Most organisations have introduced remote working options till the end of 2020 and beyond; while some others have made working from home a permanent option. Organisations will have to re-evaluate when employees can be realistically expected to come back into the office, and many will extend their work from home policy. Amazon recently announced the extension of its work from home policy till June 2021, from January 2021. Other organisations are expected to follow suit as the virus continues to be active in many countries.
The Experimentation will Continue
Companies will continue to enable seamless collaboration that spans across virtual and physical realms. But what will be important is to see how organisations can successfully incorporate a remote working culture across its different locations. Dropbox has announced a new ‘Virtual First’ remote working policy which includes features such as the ability for employees to decline unnecessary meetings, and a way to open source their learnings with the wider business community. Dropbox will still retain some physical spaces called Dropbox Studios, that will either be repurposed office space or entirely new spaces designed for meetings, group events and special offsites. The core collaboration hours will typically be between 9am-1pm, as employees are no longer expected to be in the same locations or time zones.
Ecosystm Principal Advisor Ravi Bhogaraju says, “Flexibility (Work from home or Office Anywhere) is a company strategy and not a tactic. It needs to be evaluated within the context of the overall strategy of the company, how it creates value and how technology and talent can help provide better customer experience.”
Another experiment that was announced last week was Dubai’s efforts to revive its tourism industry. Remote working has been associated with stress and organisations are increasingly having to monitor employee emotional well-being. To overcome this, Dubai is inviting overseas remote workers to expand their workplace and remote working environment. Dubai’s new remote working program is welcoming remote workers with a valid passport, health insurance, proof of employment and a minimum monthly salary of USD 5,000 to visit and work from Dubai. Programs such as these highlights the potential change in the work environment that we might witness.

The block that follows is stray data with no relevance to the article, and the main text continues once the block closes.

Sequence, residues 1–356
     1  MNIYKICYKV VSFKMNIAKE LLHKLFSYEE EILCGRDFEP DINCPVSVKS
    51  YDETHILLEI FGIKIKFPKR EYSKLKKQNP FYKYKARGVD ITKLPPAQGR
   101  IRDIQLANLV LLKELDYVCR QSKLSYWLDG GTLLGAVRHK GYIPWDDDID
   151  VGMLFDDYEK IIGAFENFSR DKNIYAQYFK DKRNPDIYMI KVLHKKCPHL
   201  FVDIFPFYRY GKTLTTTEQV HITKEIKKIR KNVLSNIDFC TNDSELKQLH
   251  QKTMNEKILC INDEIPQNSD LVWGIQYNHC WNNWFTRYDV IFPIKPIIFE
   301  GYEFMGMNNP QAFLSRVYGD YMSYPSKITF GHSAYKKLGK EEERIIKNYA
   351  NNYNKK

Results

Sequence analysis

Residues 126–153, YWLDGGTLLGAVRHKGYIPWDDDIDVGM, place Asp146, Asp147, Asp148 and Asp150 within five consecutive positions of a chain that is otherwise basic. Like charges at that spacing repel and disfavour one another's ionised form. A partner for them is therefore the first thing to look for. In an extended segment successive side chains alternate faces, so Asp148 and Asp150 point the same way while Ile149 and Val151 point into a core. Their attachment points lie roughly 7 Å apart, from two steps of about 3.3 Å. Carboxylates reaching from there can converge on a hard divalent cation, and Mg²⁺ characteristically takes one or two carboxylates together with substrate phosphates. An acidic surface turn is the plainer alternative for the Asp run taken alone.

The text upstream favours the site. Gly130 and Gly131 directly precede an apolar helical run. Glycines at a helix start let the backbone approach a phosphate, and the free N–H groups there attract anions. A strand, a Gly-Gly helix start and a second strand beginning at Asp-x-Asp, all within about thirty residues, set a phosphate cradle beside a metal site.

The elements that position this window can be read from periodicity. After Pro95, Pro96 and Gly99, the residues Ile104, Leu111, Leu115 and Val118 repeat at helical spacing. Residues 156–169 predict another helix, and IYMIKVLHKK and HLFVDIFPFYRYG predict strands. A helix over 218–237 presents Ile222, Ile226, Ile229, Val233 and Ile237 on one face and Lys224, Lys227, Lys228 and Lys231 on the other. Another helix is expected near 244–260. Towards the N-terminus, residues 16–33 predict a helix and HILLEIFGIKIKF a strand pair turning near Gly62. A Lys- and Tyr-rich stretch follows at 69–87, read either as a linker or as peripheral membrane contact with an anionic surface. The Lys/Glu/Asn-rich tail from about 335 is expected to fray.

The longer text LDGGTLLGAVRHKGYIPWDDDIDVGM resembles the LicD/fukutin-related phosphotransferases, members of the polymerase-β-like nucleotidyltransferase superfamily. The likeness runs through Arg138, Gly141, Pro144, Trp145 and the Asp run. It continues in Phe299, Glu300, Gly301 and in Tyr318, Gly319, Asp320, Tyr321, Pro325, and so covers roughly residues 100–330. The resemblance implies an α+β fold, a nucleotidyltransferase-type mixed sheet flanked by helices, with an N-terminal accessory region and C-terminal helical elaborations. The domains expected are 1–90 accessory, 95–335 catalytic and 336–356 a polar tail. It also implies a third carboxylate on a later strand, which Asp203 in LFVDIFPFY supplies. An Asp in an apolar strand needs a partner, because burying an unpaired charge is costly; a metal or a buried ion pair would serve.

Talking about the implications of such moves on organisations, Bhogaraju says, “having everybody as free agents within the network working from anywhere – without fully enabling the process and workflows across teams and the entire organisation – will require a lot more patching or coordination. It can impact the customer experience, and also opens up the firms to compliance, tax and regulatory risks if not carefully managed – especially when cross-border work is involved.”
With experiments such as these, it will become even more important for organisations to ensure that they have the right technology in place that can not only ensure seamless access to company resources irrespective of the location of the employees but also that IT and cybersecurity teams are not overburdened by the need to secure the endpoints and network.
Other Factors to Consider
While organisations must keep working on understanding the right model that will work for them, there are some other factors that they should consider.
Ecosystm Principal Advisor, Mike Zamora says, “what employees are learning is that their home expenses are increasing – E.g. electricity, connectivity costs, and even food where employers have previously provided snacks, beverages and lunches. Increasingly this needs to be addressed by Businesses in order to maintain a strong connection with employees. If not, when the economy recovers, companies might find their talent moving to other companies.”
“As some companies have limited return to the office, the Business and Employees have learned what is essential to be completed at the office. This is usually collaborative tasks which cannot effectively be done through remote collaboration. In addition, there are some specialised assets (special work rooms for some industries) which cannot cheaply or effectively be recreated in the home environment.”
Bhogaraju also cautions, “an advantage of working from anywhere is that it opens up talent pools that were not available or accessible to employers before. However, without knowing what kind of employees would be needed to sustain the strategy on a mid to long-term basis the hiring would probably result in poor fit to the working environment – and lead to a spike in attrition as the employees would not be able to cope with the working arrangement.”